We write extensively about the topic of conflict in the Humanize book. Granted, that is my professional background (I actually did a master’s degree in conflict analysis and resolution from George Mason University twenty years ago). But our coverage of conflict is not merely an excuse to write about a topic that I know and love. We were very conscious about emphasizing the importance of conflict in human organizations.
Remember, we started writing the book because we felt the need to identify principles that would help organizations be more successful in this new, social world. This is a world that is more decentralized, that lets many more individuals in the system take “ownership” over their job (which means taking action). The more action that is taken, the more conflicts are generated. This is a world where we actively include more difference. This is implied as you decentralize, but we also do it intentionally in order to create an environment more conducive to innovation. Difference, as you might imagine, brings conflict with it. This is a world where truth is valued and expected more, and when people speak their truth, more conflict emerges. In short, in a social world, you’ll need to deal with conflict.
This is a problem, because in general, we suck at conflict. I’ve been working in organizations around this issue for more than a decade, and overall we are very bad at having conflict conversations and tend to turn away from them. We do our conflict half way, which typically only makes it worse in the long run. Or we turn a blind eye to it and let it fester until it gets really out of control.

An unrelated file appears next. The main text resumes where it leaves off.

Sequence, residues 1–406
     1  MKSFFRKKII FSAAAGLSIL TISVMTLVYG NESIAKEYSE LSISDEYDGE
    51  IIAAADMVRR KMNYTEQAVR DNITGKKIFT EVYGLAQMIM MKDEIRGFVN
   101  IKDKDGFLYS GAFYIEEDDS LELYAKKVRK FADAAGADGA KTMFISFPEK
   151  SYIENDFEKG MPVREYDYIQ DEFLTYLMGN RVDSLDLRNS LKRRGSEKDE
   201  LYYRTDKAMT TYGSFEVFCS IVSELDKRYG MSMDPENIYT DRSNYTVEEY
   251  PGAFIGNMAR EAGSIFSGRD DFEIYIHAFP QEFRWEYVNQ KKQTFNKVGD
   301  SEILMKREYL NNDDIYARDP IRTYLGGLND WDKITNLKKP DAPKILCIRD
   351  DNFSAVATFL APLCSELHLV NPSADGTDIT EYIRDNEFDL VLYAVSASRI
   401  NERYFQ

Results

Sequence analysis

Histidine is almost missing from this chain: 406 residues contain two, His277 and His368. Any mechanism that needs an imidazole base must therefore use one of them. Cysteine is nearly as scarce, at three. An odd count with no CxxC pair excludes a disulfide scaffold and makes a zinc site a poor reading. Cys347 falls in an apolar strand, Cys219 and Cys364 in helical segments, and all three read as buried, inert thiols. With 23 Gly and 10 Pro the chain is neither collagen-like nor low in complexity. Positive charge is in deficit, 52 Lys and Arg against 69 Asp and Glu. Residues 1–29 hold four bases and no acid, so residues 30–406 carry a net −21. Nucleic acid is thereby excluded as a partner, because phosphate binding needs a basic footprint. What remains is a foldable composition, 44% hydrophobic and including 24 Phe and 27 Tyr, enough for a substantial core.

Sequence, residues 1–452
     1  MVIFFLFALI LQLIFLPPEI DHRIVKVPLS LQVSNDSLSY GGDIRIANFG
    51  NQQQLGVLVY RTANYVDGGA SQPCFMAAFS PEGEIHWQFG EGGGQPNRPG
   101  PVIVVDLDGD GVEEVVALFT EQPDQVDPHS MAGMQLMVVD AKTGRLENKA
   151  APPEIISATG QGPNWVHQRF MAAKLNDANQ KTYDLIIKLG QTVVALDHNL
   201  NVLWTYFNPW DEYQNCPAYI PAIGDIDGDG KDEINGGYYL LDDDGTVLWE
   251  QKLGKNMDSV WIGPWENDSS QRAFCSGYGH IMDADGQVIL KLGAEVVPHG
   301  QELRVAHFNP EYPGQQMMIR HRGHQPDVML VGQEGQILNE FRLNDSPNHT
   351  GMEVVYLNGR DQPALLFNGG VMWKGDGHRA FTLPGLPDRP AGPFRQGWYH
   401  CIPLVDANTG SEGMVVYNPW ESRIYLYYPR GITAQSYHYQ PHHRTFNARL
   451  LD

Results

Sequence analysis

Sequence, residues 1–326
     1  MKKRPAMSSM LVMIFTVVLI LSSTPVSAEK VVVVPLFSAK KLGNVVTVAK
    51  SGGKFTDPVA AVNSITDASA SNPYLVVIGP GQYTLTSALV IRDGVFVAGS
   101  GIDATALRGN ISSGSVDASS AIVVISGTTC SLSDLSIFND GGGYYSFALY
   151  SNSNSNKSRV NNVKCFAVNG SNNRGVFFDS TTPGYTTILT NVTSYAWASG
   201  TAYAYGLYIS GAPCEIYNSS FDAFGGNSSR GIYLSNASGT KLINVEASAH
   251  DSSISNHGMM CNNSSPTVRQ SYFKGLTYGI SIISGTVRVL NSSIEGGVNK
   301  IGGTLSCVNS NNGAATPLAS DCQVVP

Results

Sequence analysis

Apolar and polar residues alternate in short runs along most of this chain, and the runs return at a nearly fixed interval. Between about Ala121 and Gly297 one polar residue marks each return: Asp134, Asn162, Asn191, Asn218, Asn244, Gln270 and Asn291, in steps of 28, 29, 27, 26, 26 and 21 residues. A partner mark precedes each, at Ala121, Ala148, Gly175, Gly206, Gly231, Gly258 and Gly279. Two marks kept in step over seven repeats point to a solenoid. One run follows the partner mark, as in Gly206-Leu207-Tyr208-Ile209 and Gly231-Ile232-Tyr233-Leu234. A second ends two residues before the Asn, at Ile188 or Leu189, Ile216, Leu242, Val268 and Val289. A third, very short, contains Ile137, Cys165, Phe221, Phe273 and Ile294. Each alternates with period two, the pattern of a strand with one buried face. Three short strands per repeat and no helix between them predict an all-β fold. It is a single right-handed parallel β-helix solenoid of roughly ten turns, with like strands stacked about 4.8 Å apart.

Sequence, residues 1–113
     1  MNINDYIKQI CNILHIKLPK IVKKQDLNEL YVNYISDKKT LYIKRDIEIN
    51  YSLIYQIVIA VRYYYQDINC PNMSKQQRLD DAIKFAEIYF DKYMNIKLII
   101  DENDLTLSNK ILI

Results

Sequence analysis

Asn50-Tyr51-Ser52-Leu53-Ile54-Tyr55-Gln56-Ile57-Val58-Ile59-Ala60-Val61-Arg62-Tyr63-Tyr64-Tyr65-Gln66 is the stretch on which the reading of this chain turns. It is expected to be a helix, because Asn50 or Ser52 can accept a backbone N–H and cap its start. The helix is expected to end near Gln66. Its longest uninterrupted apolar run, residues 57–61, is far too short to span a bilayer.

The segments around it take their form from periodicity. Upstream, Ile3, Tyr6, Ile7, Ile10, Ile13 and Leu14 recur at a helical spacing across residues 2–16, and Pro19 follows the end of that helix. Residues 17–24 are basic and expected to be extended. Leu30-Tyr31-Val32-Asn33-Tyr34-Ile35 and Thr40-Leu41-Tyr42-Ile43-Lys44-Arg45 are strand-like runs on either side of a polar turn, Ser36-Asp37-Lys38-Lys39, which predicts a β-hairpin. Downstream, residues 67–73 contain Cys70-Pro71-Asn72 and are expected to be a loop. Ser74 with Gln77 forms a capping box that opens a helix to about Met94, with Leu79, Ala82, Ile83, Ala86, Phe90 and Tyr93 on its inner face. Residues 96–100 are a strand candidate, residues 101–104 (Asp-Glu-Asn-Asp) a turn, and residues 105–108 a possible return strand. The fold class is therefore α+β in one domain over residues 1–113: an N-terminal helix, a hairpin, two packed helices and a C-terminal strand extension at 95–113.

You can’t run a social business that way. When you have lots of ownership behavior, people will step on each other’s toes, and you have to have the capacity internally to deal with that conflict. People need to be skilled at pushing back against each other and giving each other clear feedback, without it shutting the conversation down. If you put in place processes that enable people to experiment and try new things, then your people will need to be good at negotiating and problem solving. They can’t just advocate for their preferred answer–they need to know how to work with others who see it differently to jointly solve the problem and find a way forward.
Human organizations are beautiful things, but they have that real-world beauty, not fashion-shoot beauty. Open, trustworthy, generative, and courageous sound like fairly lofty ideas–and they are aspirational–but make no mistake, they require some real-world grit and determination to achieve. They don’t look good just for the sake of looking good. They are the beautiful result of hard work like facing conflict, confronting truth, and forging clarity.
Are you ready?